Published on May 1st, 2017 | by James Wright

Cabaret Review (Melbourne 2017)

Cabaret Review (Melbourne 2017) James Wright

Summary: Life is a cabaret, old chum...


A fun amalgam!

The risqué stage musical Cabaret returns to Melbourne at The Athenaeum Theatre which is based on the play by John Van Druten with stories by Christopher Isherwood that has won a plethora of awards from around the globe. Although the original Broadway production launched in 1966, it was made even bigger thanks to Liza Minnelli in 1972 who successfully brought Sally Bowles to the masses via film and over the years, this character has been played by some amazing people and this current production is no exception to the rule.

The story is set in Berlin during the 30’s in the seedy Kit Kat Klub which revolves around the strange denizens of this nightclub and a place where one can expresses their sexual freedom and find social liberation. Unfortunately a dark shadow hangs around their heads which is explored in this performance with the grosth of the Nazi regime. Another theme of the story is the relationship between English cabaret performer Sally Bowles (Chelsea Gibbs) who is escaping her past and American writer Clifford Bradshaw (Jason Kos). Clifford is also hinted to be bisexual, however he finds solace in the arms of Sally and when she discovers that she is pregnant, the pair quarrel about escaping the darkness that surrounds Berlin.

There’s also the quaint relationship between innkeeper Fraulein Schneider (Kate Fitzpatrick) and Jewish fruit store owner Herr Schultz (John O’May) which feels like it is doomed to fail but quite a touching one nonetheless. Furthermore, this current version of Cabaret pays homage to its roots with a couple of modern twists thrown into the mix, not to mention this S&M atmosphere which creates a thoroughly gripping and enjoyable performance by all involved with some great effects as well. Sure it’s a little over the top at times and sometimes embarrassing but somehow it still works with the material.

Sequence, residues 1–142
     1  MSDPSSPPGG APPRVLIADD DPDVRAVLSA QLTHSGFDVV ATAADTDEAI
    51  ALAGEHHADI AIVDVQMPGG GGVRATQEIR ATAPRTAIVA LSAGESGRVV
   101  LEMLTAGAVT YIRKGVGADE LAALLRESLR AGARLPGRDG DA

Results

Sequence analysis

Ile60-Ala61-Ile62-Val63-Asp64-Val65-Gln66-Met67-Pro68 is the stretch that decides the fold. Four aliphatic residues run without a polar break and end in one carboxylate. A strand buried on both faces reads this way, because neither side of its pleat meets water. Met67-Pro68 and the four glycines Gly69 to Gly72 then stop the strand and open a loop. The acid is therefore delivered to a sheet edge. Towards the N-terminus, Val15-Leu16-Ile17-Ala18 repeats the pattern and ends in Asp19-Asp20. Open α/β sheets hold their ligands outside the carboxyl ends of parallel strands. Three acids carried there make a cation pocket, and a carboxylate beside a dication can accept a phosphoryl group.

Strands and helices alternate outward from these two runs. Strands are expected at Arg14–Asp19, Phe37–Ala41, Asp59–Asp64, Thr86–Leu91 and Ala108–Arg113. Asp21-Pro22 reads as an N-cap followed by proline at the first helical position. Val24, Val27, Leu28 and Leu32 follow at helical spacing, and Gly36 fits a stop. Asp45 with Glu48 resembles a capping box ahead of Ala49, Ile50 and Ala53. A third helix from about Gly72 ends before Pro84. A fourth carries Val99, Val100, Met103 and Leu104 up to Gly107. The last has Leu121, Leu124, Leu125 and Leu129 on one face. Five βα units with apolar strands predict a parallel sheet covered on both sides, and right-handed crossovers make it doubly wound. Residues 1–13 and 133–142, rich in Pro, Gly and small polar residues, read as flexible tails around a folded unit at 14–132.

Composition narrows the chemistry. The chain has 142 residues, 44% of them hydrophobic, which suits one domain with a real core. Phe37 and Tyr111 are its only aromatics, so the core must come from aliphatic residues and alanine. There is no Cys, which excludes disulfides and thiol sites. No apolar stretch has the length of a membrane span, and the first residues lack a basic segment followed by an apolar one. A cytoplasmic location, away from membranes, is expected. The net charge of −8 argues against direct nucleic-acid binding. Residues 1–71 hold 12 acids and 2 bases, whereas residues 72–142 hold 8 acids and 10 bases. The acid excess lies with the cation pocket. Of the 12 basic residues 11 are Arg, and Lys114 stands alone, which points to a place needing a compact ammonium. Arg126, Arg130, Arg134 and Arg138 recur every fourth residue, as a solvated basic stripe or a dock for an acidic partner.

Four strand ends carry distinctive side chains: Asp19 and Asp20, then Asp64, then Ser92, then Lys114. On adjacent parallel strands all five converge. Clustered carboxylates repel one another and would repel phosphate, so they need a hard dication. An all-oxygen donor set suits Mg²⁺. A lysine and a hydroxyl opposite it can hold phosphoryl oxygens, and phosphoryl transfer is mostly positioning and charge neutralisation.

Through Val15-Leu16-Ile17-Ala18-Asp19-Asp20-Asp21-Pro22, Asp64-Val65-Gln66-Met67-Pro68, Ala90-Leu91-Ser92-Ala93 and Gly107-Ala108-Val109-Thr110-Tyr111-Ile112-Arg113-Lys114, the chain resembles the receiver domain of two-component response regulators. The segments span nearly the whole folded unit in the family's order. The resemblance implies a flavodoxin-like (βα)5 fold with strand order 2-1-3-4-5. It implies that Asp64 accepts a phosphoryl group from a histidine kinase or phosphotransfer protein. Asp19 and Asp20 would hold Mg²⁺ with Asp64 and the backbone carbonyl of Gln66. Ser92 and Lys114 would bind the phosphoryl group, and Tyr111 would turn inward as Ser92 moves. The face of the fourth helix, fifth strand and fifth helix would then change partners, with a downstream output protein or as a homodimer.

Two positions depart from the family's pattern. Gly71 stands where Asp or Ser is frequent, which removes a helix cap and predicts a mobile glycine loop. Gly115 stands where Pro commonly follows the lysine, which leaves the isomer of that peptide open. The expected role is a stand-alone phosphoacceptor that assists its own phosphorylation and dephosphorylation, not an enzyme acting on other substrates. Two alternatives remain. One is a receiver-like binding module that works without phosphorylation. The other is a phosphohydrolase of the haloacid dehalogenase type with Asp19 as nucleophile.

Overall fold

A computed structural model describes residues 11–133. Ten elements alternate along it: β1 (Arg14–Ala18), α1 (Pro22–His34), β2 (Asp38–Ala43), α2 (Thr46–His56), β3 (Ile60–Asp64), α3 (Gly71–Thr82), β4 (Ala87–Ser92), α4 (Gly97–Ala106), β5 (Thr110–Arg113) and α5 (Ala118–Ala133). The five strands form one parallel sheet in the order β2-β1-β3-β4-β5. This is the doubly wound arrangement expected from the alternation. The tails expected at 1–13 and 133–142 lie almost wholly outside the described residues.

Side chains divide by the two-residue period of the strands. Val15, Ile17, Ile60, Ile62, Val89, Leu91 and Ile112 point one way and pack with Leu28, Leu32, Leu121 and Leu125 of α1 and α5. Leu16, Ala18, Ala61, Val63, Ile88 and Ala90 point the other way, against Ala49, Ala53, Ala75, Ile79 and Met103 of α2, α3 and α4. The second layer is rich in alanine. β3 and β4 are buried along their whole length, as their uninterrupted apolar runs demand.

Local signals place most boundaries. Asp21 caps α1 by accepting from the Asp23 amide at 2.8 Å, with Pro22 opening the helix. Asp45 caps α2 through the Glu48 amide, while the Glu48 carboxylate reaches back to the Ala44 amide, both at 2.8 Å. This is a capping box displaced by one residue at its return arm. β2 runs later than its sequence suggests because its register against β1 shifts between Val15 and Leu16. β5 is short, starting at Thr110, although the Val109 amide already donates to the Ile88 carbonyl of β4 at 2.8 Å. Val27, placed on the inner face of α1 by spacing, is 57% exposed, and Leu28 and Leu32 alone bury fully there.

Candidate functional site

Needless to say, the cast really capture their characters perfectly and at times, it’s like the audience has fallen into the rabbit hole which also links back to the character of Cliff Bradshaw who is played exceptionally well by Kos and is the ‘Alice’ in this production. The delightful Chelsea Gibbs as Sally Bowles also who captures the raw energy of her character and sings one of the best renditions of Don’t Tell Mama.

However my favourite was Paul Capsis as Emcee who brings to life this almost asexual Mad Hatter and MC of Cabaret. As a word of warning, some of the scenes are overtly sexualized and it’s also a social commentary of both yesterday and today. Another interesting character is Ernst Ludwig and is well played by Michael Cormick as not only a smuggler but also a Nazi who adds a real conflict to the story, especially the liberal behaviours of those around Clifford and Sally.

Musically Cabaret has a live band which helps bring these songs to life and there’s plenty of impressive moments during the performance as the tunes work hand in hand with the cast as they tell this story. Classic songs such as The Money Song, Willkommen or If You Could See Her once again channel another era that is both familiar yet different. To complement the music of Cabaret, there is the great choreography and costumes which recreates the Broadway spectacular right here in Melbourne.

The ensemble, especially the Kit Kat Klub dancers bring this unique seductiveness and comedy to their roles and it helps with the location of The Athenaeum Theatre which almost channels the Kit Kat Klub due to its age and ambience, particularly with the clever lighting which does create this seedy atmosphere at times. In the end, Cabaret is definitely not your normal musical but it is one that works on many levels and fails on some with a little too much over the top antics. It’s definitely not your standard musical with some raunchy comedy and powerful themes coming together.

Final Thoughts?

Cabaret captures another era of Broadway and the cast, crew and band should be commended on bringing this performance to life. It features some great performances, music and choreography, not to mention wonderful costumes that help with the overall theatrics. All in all, it’s a fun night out and if you’re looking for something slightly quirky and seductive, Cabaret delivers.

Venue: The Athenaeum Theatre, 188 Collins Street, Melbourne

Dates: From 27 April 2017, strictly limited season

Times: Monday to Saturday Evenings at 7.30pm, Matinees Wed 1pm, Sat 2pm / VIP Kit Kat Klub Table Seats also available


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